The Triumph of Style

I'm generally not one to favor that style-over-substance approach people like Guy Richie and Quentin Tarentino feel they can rely upon, but in some cases, it can be absolutely flooring. In some cases the style of a director can seem out of place in the majority of his or her films, but you put up with it because their films are interesting. I've always been a fan of Wong Kar Wai and felt that when he stepped away from his established style to make In The Mood For Love, it was the smartest thing he'd ever done (the film is beautiful in every way). Bits of the style he'd established in Chungking Express and Fallen Angels seeped into Mood, but it was essentially a departure. Departures from your established style can yield positive results (There Will Be Blood, Frenzy, Dersu Uzala), but, almost more exciting is what happens when you find the perfect use for the style you've created; the reason you had a voice in the first place.

My Blueberry Nights
by Wong Kar Wai
It's no secret that Wong Kar Wai loves America. He loves it as Sergei Eisenstein and Akira Kurosawa did before him. He loves it almost as much as John Ford loved it. His films have all been testaments to that love; He's made manic-crime films a la Point Blank; retellings of golden age Doris Day-Rock Hudson romances; he's structured entire films around pieces of American music; he's in the middle of remaking The Lady From Shanghai. He's the Jean-Luc Godard of Hong Kong; a cinephile's cinephile. Best of all he's managed (until now) to make his films incredibly entertaining in their own right, completely divorced from his fanboy's nature. When I say until now it's because if anyone else in the world had tried to make My Blueberry Nights it would have been unwatchable. A predictable, romantic comedy/road movie where the naive girl learns lessons from the kooky characters she meets along the way, all the while sending postcards to the boy she secretly crushes on. That is about as trite a plot as they come. But what saves it from certain failure is the fact that as I was watching it, Kar Wai's style (the very thing that had given me pause while watching his other movies) makes perfect sense. To put it simply this is the movie he was born to make.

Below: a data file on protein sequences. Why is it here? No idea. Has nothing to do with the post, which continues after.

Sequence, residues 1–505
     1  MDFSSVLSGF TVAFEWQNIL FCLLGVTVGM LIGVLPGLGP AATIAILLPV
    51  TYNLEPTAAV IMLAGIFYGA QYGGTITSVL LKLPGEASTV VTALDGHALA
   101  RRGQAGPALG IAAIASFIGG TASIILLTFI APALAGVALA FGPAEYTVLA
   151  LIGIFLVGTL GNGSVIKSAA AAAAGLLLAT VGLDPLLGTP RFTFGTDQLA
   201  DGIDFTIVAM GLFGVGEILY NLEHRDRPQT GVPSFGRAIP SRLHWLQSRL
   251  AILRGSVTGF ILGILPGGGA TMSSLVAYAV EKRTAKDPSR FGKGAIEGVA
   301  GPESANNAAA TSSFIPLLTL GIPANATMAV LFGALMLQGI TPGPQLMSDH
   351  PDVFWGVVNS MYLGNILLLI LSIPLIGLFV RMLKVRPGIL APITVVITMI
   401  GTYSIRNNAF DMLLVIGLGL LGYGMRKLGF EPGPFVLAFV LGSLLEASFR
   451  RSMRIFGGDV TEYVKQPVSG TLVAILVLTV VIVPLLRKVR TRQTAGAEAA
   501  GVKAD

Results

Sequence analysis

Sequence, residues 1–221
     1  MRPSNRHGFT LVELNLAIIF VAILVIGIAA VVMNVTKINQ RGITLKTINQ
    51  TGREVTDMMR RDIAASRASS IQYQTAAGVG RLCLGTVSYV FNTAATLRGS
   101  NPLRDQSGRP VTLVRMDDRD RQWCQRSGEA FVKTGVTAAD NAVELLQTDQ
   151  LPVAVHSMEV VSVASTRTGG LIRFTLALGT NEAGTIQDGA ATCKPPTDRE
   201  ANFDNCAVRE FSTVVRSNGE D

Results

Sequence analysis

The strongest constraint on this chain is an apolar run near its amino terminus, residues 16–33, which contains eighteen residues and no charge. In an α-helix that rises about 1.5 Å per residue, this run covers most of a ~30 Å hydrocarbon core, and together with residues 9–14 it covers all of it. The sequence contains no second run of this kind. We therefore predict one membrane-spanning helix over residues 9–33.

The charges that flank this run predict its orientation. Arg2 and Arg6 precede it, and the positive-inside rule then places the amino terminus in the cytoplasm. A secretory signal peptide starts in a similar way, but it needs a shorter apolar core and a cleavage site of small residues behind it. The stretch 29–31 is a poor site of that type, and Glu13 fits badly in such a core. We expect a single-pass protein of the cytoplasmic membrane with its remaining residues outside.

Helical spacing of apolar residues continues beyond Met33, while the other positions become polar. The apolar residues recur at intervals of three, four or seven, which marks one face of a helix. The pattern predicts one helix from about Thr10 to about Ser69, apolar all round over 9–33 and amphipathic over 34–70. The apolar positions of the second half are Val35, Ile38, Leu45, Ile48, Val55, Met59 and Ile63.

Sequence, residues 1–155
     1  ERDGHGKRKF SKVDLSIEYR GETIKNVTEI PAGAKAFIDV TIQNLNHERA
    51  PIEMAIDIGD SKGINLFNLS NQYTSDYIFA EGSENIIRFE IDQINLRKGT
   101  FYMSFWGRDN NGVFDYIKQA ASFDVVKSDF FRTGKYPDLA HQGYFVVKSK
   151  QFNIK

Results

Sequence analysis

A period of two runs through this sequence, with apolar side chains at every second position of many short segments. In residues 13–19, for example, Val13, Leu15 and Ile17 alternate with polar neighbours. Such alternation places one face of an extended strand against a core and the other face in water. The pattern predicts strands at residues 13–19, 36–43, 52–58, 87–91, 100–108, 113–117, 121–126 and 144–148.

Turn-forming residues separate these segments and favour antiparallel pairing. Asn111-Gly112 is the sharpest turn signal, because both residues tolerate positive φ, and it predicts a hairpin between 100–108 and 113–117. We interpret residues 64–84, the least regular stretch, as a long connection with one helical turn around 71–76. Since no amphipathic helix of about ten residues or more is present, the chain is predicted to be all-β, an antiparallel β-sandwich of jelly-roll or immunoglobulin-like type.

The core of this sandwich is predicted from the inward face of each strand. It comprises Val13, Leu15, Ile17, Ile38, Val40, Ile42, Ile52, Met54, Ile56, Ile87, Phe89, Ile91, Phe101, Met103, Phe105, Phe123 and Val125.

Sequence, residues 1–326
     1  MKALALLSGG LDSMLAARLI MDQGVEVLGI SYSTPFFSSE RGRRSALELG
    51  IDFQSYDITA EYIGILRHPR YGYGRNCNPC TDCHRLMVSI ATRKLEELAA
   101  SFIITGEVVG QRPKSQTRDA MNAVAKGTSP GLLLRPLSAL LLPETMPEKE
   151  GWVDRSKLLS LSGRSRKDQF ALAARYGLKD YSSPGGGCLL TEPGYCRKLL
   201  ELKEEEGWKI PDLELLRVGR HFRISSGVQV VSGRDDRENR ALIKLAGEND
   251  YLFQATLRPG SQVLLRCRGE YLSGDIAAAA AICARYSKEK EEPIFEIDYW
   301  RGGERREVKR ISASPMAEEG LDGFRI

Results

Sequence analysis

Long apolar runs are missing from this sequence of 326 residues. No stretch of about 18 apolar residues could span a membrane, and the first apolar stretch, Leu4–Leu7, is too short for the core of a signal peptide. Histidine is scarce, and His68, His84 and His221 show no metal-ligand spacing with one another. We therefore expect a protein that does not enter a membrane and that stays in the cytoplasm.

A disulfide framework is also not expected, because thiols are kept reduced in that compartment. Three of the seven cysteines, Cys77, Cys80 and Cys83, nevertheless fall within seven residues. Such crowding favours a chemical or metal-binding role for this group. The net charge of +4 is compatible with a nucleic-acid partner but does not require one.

This is Kar Wai's first english language movie (and if he were smart he might make it his last movie period) and stylistically he's never going to beat himself. The slow crank speed of his cinematography, the lingering, sweaty soundtrack, the shifting narratives, the blindsiding, ambiguous heartbreak, all of it adds up here in ways it never did in his Hong Kong films. Every cliche, every silly line, every tired plot device, every piece of narration, all of it would have killed any other film. Not this one. This is Kar Wai's loveletter to America and nothing (not even Norah Jones in the worst acting turn by a singer since John Lurie's debut in Stranger Than Paradise) could ruin it. The film has faults (even the title screams "wasted hour and a half!"), but they brought more smiles than anything. Rachel Weisz can't pick an accent? No sweat! Natalie Portman as a world-weary gambler? Isn't that cute!?! Cat Power is Jude Law's supposedly Russian Girlfriend? ...Actually, I really don't know what to make of that. Sure I guess she has the bangs to look kind of Russian, but she doesn't even fake an accent. And her music's all over the soundtrack. That one's a head-scratcher. But the point is that the folksy wisdom the lead inherits from the crazies she encounters feels fresh. He gets help from co-writer Lawrence Block in capturing that feel of modern southern lore, but here it's all in the camera. Silly, idealistic stories were meant to look like this, and to see that potential fulfilled (on both ends) was strangely satisfying. Never in a million years could I be asked to care about Norah Jones finding her way back to Jude Law, but, here I let it all wash over me like the gorgeous sunset, diner grease, cigarette smoke, and winter air that drift through the reels. Nothing has ever looked quite so perfect as the fluorescent lights of a Memphis dive through a camera in drop-frame slow-mo.
As it is I think there are two kinds of people who'll enjoy this movie: girls between 12-35 who love romantic comedies/Jude Law and me. Do I recommend this film to anyone who doesn't meet that criteria? HELL NO! But I can tell you that I was so ecstatic over the absolute success of Wong Kar Wai's storytelling that the fact that it's been told a million times never bothered me for a second. Sure it's been told before, to the point of irrelevance, but never by Wong Kar Wai. Never the right way.

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